Shostack + Friends Blog Archive


What do Apple's Common Criteria Tools Do?

Apple has made available a set of “Common Criteria” tools. The “evaluation” page is here. The evaluation criteria is “EAL 3, CAPP, version 1.d, October 8, 1999.” (The README is a bit better.)

If anyone would care to explain to me what I’ve just said, or, really, what the tools package does, I’d be much obliged.

PS: “Disatisfied? Help us improve!”

3 comments on "What do Apple's Common Criteria Tools Do?"

  • One translation would be “a specific configuration of OS X has been successfully checked for a specific level of security under documented assumptions, with a specified level of checking”.
    What assumptions? Well, one notable assumption listed in Apple’s Admin guide is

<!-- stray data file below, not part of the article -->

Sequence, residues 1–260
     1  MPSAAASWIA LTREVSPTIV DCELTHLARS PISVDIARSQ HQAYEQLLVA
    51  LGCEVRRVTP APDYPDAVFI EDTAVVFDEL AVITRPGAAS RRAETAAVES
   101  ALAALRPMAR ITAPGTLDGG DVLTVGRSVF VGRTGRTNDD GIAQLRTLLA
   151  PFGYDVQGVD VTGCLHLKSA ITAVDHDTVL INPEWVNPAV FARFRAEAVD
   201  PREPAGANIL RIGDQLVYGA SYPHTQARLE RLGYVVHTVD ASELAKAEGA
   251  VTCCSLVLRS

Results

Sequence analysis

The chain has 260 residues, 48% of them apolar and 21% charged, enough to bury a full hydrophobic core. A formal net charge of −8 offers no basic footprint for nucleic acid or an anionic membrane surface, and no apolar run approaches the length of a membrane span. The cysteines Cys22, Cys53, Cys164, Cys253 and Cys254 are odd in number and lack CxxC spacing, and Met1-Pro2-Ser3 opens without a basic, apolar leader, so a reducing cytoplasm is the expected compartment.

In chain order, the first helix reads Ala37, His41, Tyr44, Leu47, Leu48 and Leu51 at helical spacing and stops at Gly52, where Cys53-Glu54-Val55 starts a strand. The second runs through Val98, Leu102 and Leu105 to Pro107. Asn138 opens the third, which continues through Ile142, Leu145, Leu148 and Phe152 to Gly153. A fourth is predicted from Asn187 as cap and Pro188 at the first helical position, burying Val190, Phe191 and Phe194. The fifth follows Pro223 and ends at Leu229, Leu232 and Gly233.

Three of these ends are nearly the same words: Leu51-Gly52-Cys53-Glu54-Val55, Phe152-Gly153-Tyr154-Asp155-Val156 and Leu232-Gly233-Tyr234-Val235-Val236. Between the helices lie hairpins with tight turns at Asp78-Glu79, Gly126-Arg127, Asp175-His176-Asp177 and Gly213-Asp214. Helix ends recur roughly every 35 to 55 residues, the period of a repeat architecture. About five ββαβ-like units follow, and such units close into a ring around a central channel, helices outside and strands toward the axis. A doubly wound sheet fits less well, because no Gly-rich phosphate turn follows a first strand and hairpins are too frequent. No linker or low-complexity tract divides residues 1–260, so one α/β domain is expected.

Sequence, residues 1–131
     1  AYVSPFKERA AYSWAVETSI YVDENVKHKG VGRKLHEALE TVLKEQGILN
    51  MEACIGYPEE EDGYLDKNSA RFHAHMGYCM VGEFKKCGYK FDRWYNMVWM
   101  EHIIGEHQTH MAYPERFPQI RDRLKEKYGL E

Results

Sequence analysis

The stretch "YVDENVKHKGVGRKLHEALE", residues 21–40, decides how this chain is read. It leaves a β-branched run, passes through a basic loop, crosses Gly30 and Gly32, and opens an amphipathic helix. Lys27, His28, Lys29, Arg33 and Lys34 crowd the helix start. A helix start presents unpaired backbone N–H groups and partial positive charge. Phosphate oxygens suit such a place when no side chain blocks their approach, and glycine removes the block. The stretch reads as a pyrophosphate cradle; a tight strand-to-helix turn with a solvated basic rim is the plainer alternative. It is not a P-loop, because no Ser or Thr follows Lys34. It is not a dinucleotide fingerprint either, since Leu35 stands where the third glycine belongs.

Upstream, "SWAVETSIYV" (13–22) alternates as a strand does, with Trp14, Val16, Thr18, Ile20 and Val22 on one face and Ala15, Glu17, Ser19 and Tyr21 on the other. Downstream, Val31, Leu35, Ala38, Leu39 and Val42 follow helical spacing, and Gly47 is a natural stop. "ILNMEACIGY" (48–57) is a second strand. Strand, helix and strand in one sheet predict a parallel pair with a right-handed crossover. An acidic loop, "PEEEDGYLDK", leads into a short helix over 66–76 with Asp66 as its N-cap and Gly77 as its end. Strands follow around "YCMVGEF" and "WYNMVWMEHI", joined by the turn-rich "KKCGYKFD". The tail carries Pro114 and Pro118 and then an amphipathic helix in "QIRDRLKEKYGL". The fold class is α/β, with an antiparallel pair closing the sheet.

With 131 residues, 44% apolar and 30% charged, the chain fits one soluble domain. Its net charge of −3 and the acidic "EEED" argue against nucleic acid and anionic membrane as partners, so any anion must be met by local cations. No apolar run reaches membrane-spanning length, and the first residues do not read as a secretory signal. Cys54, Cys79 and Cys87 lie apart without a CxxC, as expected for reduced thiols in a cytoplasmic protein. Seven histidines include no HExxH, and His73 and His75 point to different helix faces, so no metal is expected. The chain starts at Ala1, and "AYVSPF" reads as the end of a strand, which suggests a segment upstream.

“• All systems with which the Common Criteria configuration communicates, and the communication paths themselves, are assumed to be under the same management as the Common Criteria configuration and abide by the same security policies.”
    In other words, the system’s assumed to be disconnected from the Internet. The configuration is specified in detail, for example in order to meet it the guide tells you
    “When you reach the Administrator Account pane, make sure the password you specify has at least five characters.”
    Has anyone seen a better explanation of Common Criteria than ?

  • As far as what the tools do…
    The whole package is a set of audit log management tools.

  • Brian says:

    It’s a compliance checker: you run their CC Tools package on a machine, and now it’ll be in something very close to the audited configuration.
    EAL3 means they went through a moderate amount of paperwork in that audit, but no code was examined. CAPP names the threat model, which is as explained above—enough for use on private or disconnected networks, the same protection profile used for Windows NT a few years back.

Comments are closed.